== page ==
Monday, March 21, 2011

Pre-Iuka

I thought it would be helpful to give a real quick run down of the pre-story leading up to the Battle of Iuka. So I'll nutshell the living crap out of the first 16 months of the Civil War in the west. 


First off, something on the western campaign. A lot of people, including many historians, inexplicably ignore the western campaign. A majority of attention is focused on the eastern campaign, which includes famous battles such as Manassas, Antietam, Chancellorsville, Fredricksburg, Gettysburg, Petersburg, and Appomattox Courthouse. The western battles, while still noteworthy are usually relegated to second place as some sort of "side show". 



Personally I call this a Confederate conspiracy, since the western campaign was as embarrassing for the CSA as the eastern one was to the USA. Since the Civil War is one situation where the losers and their ancestors seem to have to written the majority of the history books and documentaries, it is therefore not surprising that they have focused on the east where all of the major confederate victories are congregated. I believe is that the fate of the Civil War is rooted deep in the western campaign, which isn't to detract from the eastern battlefields and the sacrifices made there. That's just my opinion, but its a pretty damn good one.



Anyway, now that that axe is out for the grind, lets get to the general history.



The war in the west focused on the Mississippi river system. The Mississippi divided the CSA in half and whoever controlled it controlled the entire supply network of the Confederacy. Early in the war neither the North or South were prepared for major campaigns. It was the Union that made the first major move by launching a series of attacks against Confederate forts Belmont, Henry, and Donelson. During these battles one name rose above the rest: Ulysses S Grant. Due to his victories, Grant was promoted up from a colonel in 1861 to Major General by 1862.


In April, Grant was moving south toward Mississippi and the Confederate General Albert Sidney Johnston rushed to stop him. The two forces clashed at Shiloh in early April 1862. The Union luckily snatched victory from the rebels, and Johnston was mortally wounded leading a charge. The loss of Johnston would be a terrible blow to Confederate morale and some believe he was the south's only chance in the west. Still if the guy is dumb enough to lead a charge, get shot in the knee and bleed out refusing medical attention that could have saved his life, I'd say he probably wasn't all that. The thing to take away from the Battle of Shiloh is that it was the Union's first big win and it filled the western armies with confidence, just as Manassas had done with the Rebs the previous year.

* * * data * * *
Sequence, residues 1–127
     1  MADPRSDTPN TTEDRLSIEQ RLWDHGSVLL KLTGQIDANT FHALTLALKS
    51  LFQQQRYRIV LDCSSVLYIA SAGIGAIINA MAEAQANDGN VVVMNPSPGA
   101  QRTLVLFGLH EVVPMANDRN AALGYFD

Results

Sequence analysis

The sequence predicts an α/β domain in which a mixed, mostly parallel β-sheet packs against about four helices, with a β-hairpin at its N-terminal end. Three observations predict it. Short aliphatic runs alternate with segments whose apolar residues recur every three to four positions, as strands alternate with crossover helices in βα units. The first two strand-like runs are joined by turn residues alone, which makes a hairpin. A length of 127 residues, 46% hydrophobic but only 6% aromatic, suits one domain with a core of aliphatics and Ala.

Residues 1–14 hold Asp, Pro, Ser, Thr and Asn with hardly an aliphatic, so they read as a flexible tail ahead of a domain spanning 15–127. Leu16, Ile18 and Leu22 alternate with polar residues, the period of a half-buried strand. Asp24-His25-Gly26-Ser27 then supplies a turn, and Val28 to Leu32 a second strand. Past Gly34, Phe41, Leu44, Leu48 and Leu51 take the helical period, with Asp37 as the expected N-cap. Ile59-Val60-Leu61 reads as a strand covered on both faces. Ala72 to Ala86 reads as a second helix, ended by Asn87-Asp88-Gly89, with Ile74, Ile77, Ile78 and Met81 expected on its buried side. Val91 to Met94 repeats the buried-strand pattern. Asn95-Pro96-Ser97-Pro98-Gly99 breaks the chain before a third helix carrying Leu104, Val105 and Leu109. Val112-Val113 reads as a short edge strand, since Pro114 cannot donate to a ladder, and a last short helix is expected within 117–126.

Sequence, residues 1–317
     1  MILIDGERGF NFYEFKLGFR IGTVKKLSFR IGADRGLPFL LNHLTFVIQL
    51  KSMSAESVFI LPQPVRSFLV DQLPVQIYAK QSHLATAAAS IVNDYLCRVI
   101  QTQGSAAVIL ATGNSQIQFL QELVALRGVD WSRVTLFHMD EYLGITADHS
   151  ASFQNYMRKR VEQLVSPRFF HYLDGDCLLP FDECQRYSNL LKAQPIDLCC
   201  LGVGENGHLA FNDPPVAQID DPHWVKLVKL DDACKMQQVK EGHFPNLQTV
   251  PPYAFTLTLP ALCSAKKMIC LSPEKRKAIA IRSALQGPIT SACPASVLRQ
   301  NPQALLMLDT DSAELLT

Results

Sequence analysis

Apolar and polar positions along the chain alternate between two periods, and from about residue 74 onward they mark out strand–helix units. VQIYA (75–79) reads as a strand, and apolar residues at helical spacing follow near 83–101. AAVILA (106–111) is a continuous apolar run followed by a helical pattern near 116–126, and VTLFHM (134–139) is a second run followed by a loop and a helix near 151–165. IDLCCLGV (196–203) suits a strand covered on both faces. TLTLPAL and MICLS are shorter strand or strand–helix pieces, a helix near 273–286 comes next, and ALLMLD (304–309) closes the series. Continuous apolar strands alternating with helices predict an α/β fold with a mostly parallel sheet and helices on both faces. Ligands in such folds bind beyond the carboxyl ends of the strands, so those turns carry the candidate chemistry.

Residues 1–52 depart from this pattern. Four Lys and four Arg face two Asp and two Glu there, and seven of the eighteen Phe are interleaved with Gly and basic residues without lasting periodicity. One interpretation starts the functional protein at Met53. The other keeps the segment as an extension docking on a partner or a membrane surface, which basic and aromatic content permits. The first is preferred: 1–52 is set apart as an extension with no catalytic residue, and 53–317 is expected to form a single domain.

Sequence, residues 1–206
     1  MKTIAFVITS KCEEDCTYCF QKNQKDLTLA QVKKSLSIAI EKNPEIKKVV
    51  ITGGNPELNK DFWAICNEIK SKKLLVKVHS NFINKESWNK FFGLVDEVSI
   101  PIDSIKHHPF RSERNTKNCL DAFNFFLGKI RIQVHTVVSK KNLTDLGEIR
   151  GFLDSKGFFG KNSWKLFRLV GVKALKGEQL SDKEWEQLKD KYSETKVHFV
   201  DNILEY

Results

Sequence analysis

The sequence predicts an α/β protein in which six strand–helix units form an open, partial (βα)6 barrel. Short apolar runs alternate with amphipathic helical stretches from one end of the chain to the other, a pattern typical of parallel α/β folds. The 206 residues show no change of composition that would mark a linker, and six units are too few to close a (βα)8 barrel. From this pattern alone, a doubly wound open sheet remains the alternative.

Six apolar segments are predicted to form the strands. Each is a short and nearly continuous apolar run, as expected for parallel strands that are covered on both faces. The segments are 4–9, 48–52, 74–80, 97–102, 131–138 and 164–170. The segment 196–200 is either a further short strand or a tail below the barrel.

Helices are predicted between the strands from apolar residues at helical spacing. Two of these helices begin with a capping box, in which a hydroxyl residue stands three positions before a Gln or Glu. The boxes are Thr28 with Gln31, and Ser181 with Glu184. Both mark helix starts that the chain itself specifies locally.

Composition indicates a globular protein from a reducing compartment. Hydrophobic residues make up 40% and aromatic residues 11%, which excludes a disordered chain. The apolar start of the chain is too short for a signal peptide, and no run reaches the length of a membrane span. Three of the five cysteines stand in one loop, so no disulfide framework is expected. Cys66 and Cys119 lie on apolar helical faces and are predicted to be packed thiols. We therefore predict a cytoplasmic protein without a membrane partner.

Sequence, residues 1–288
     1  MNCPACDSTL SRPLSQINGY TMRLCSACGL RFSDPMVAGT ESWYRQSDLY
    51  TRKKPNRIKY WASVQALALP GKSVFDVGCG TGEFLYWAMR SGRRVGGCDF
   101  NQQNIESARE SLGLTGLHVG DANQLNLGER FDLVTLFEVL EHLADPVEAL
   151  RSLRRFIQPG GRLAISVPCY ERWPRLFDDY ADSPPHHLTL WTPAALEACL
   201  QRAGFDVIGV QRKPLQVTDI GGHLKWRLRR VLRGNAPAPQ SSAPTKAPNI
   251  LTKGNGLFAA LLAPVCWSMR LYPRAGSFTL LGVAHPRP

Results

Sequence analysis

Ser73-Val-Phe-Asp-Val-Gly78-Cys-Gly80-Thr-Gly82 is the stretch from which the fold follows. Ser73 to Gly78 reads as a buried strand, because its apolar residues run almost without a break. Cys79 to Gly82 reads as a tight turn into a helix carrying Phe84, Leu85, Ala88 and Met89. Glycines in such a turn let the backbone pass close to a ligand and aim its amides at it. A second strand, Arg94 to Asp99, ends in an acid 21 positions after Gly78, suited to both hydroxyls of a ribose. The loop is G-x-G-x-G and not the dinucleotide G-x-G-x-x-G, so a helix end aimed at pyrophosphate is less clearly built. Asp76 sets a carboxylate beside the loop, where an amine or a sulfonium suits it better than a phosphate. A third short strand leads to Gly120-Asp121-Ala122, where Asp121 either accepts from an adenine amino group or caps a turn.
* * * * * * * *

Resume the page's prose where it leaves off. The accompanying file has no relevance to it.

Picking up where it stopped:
Shortly after Shiloh the war in the west kicked off in a big way when the Union navy under the command of Admiral David Farragut forced its way through the Confederate fortresses surrounding New Orleans, then the largest city in the Confederacy. General Butler's Union troops captured the town at the end of April, sealing the Confederate port for good. The fight would now begin for the remainder of the Mississippi.

The Confederates needed to take the initiative in the west, but things were proving difficult. After Shiloh Grant moved south and captured the important rail hub of Corinth, Mississippi. Five major railroads converged on Corinth making it vitally important to the CSA. However it was now in Union hands, and Johnston's shattered army was in no shape to recapture it. General Braxton Bragg assumed command of all Confederate forces in the west and hatched a plan to draw out Grant's and Union General Buell's armies and destroy them before they could come together.

General Sterling Price, CSA
Bragg marched against Buell and sent his subordinate General Sterling Price to attack Grant. However in-fighting in the Confederate camp prevented Price from accumulating the necessary forces to take the offensive against Corinth. Critical to success in Corinth was Confederate General Earl Van Dorn's army. Price implored Van Dorn to join him, but Van Dorn was obsessed with recapturing New Orleans, sending  a portion of his force peicemeal into Louisiana only to be defeated. 

Price was forced to leave Van Dorn to his devices and took up an active defense while he waited for Bragg to compel Van Dorn to move north. Part of this active defense involved sending his cavalry brigade north to cut Grant's line of communications, cause general chaos, and gather intelligence. Unfortunately for Price his cavalry was not up to any of these tasks, having never reached Grant's line of communication, being defeated in a battle with the 16th Iowa in Bolivar, Tennessee (more on this later), and reporting Grants force at well below 50% of its actual size.

With this horribly inaccurate information, Price decided to make a move on Grant, and to do that he would have to hit the Union garrison in Iuka... 




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